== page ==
I'm reading a new book called The Jonathon Letters, loaned to me by my dear friend Mike at Advocates for Children of Trauma, and so far I highly recommend it. It is a series of e-mails between a family who take in a "troubled" 4.5 yr old boy and a therapist who lives all the way across the country.
While my kids were older than this, and usually reading books like this kind of upsets me because I think how much better off they would have been if they'd gotten help sooner, this book has been pretty comforting.
I want to share one excerpt before I go to Grandma's to deal with an angry Bear.
"Jonathon in his previous family, exhibited much defiant behavior and no respect for any rules. The family wanted to help him learn ad their motives were probably good. Their response to him however, seemed to be lacking what he needed. As he disobeyed, they added more rules and more structure in order to force him into compliance. The more he resisted, the more structure was added. Unfortunately, the structure did not include holding, closeness. In the end, he was in lots of therapy, a rigid full-day school setting, and little else. Their methods of discipline were probably the same as those that many of us have used with many of our "normal" children. Jonathon did not respond.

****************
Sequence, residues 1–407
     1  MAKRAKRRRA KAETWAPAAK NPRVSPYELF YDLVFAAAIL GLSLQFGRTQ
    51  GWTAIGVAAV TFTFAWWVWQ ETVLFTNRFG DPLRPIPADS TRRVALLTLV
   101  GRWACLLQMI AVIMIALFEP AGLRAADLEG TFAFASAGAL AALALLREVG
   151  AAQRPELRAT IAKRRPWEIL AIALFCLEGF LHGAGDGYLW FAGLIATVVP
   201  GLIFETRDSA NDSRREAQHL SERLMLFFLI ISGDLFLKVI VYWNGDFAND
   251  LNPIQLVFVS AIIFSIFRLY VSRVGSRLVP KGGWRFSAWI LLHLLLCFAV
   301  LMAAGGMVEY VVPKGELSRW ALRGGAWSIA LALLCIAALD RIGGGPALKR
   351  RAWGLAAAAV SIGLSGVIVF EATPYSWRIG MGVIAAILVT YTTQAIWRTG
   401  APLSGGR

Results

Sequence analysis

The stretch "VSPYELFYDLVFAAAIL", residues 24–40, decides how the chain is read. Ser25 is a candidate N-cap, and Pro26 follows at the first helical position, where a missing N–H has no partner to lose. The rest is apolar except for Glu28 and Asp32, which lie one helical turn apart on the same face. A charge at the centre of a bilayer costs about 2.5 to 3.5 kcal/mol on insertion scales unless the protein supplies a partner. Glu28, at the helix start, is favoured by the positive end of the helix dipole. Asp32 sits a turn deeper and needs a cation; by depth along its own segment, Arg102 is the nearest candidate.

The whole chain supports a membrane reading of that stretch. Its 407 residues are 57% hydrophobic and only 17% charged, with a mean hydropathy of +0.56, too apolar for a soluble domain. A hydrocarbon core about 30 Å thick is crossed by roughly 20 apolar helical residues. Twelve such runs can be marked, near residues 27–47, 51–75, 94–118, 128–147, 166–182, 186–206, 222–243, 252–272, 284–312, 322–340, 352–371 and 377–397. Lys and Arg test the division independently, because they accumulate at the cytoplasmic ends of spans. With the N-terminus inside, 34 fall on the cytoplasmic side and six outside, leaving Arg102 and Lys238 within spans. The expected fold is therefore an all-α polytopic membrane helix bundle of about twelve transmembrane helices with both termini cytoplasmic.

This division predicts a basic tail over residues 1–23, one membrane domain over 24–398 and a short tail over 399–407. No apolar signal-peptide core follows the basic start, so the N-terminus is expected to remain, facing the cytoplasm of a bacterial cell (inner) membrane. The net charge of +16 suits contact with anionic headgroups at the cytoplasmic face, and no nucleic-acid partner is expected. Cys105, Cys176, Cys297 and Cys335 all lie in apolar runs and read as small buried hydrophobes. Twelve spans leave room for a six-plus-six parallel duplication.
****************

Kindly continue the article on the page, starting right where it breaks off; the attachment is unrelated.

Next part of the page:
The rules had no impact on Jonathon. They did not fit into his perception of the world. By not following them he was able to get a lot of attention and keep things the way he knew them to be.
Jonathon really needed to learn to build a relationship in order to change his point of reference. He is now learning, slowly, how to bond. We are seeing progress. As we see a relationship increase, we see his desire to defy us decrease.
Therefore, a relationship results in a define to follow the rules (at least to some degree). As a Christian, I want to follow the rules that God has put in place because I have a desire to please Him, I know that He has my best interests in mind, and I trust Him. My children, hopefully, know that our rules are made in their best interests, and they trust us. They have a relationship with us that means that (sometimes, anyway) they willingly follow our rules. We hope to help Jonathon build a relationship and a trust that allows him to be able to also follow rules a bit more willingly. All of this is to say that rules are vital for our survival, but that a relationship with the rule-maker helps in our ability and desire to follow the rules. "
I can't remember the last time I gave Bear a hug, and I have to force myself to lay a hand on him because I know he doesn't want it.